PPI Energy Piping Systems Division Project of the Year

  • Henderson Municipal Gas (HMG) PA 12 Gas Pipe Installation, Henderson, Kentucky
  • PPI Member Company: Teel Plastics, Inc.,  Baraboo, Wisconsin
PPI Energy Piping Systems Division Project of the Year Teel Plastics Inc.  Baraboo, Wisconsin

In a multi-stage project, the City of Henderson, Kentucky installed 2,720 feet of polyamide 12 (PA 12) gas pipe extruded by Teel Plastics.  This marked the first PA 12 installation under the PHMSA Mega Rule effective January 2019, which allows PA 12 to be installed without a special permit.

HMG installed the pipe through an industrialized area of the city.  To minimize disruption to businesses, Henderson installed it underneath driveways and existing utilities.  HMG buried sections using horizontal directional drilling (HDD), pulling the pipe through bored holes and fusing the sections together.  More ductile and much lighter than steel, PA 12 made the HDD installation much easier than it would have been with steel pipe.

PPI Municipal & Industrial Division Project of the Year

  • Colsman Tunnel Sewer Sliplining, Centennial, Colorado
  • PPI Member Company: WL Plastics, Ft. Worth, Texas
PPI Municipal & Industrial Division Project of the Year, WL Plastics Ft. Worth Texas 

To rehabilitate a deteriorating brick sewer, 48-diameter HDPE pipe was sliplined into the old sewer.  Flow was not allowed to stop during the pull, so a custom completely sealed pull head had to be designed and built so that sewage would not fill the drill string during the pull in.  Another restriction was that the staging area only allowed for no more than 200 feet of pipe to be out of the tunnel at once.  So, the pipe string was pulled as each stick of pipe was fused and added to the string of pipe.  Total pull length was more than 8,000 feet.  Custom winch system was brought in for the heavy pull that included two spools of wire cable to get the length required.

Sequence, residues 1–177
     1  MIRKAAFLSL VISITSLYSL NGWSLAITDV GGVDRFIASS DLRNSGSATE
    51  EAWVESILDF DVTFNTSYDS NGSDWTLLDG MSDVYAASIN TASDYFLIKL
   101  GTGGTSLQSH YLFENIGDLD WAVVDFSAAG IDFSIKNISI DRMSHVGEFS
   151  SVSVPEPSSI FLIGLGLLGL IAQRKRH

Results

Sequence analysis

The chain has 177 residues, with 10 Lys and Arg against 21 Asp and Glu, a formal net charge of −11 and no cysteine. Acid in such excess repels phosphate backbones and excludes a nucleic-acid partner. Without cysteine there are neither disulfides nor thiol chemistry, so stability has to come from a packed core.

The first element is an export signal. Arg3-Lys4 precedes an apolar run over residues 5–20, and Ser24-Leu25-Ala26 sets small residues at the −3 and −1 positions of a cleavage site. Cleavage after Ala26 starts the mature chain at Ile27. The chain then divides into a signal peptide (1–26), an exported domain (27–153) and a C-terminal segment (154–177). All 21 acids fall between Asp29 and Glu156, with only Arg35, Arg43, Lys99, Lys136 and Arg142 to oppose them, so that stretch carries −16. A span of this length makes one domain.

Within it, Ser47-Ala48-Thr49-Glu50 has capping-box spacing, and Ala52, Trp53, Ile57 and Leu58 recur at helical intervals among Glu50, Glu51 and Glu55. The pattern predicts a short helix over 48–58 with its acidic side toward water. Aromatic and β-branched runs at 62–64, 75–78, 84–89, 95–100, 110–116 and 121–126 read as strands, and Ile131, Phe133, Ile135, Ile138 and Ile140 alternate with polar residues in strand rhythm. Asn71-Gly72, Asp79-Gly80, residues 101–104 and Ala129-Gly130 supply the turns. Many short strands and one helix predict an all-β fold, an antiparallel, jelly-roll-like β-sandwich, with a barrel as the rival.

PPI Power & Communications Division Project of the Year

  • Alliant Energy Private Fiber Optic Network, Madison, Wisconsin
  • PPI Member Company: Teel Plastics, Baraboo, Wisconsin
PPI Power & Communications Division Project of the Year, Teel Plastics Baraboo Wisconsin

Teel conduit is being installed across Alliant’s service area in Iowa and Wisconsin to improve its telecom network’s security, speed, and reliability.  For a utility with a large service area including more than 970,000 electric and 420,000 natural gas customers, reliability and capacity are is crucial during critical events.  The conduit will protect the existing infrastructure and allow for later expansion of network capabilities while providing cost savings to Alliant Energy.

The cost savings associated with installation of the conduit and fiber benefits Alliant Energy in multiple ways.  Replacing their telecommunication carriers with their own network will protect them from future price increases.  Alliant Energy will also decrease their reliance on over-the-air communication, such as microwave radios.  In addition, the fiber optic network serves as a gateway for Alliant Energy to work on advances in energy efficiency and technology, which would not be possible without a private fiber network.